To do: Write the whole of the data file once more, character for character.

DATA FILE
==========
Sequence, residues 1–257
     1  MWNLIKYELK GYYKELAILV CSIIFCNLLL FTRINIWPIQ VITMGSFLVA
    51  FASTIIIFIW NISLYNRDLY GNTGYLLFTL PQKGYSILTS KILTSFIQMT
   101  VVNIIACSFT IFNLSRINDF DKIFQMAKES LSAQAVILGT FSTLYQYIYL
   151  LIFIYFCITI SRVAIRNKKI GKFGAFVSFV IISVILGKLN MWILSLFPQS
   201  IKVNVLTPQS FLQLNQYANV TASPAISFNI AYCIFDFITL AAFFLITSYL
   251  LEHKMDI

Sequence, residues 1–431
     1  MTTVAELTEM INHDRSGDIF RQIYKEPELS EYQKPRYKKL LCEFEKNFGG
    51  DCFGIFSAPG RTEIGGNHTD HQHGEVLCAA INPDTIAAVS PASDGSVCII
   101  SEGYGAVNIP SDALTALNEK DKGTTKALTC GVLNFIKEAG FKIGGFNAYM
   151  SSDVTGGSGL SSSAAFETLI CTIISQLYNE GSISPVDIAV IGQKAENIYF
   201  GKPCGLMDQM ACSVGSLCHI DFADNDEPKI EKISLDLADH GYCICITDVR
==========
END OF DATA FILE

Sequence, residues 1–257
     1  MWNLIKYELK GYYKELAILV CSIIFCNLLL FTRINIWPIQ VITMGSFLVA
    51  FASTIIIFIW NISLYNRDLY GNTGYLLFTL PQKGYSILTS KILTSFIQMT
   101  VVNIIACSFT IFNLSRINDF DKIFQMAKES LSAQAVILGT FSTLYQYIYL
   151  LIFIYFCITI SRVAIRNKKI GKFGAFVSFV IISVILGKLN MWILSLFPQS
   201  IKVNVLTPQS FLQLNQYANV TASPAISFNI AYCIFDFITL AAFFLITSYL
   251  LEHKMDI

Sequence, residues 1–431
     1  MTTVAELTEM INHDRSGDIF RQIYKEPELS EYQKPRYKKL LCEFEKNFGG
    51  DCFGIFSAPG RTEIGGNHTD HQHGEVLCAA INPDTIAAVS PASDGSVCII
   101  SEGYGAVNIP SDALTALNEK DKGTTKALTC GVLNFIKEAG FKIGGFNAYM
   151  SSDVTGGSGL SSSAAFETLI CTIISQLYNE GSISPVDIAV IGQKAENIYF
   201  GKPCGLMDQM ACSVGSLCHI DFADNDEPKI EKISLDLADH GYCICITDVR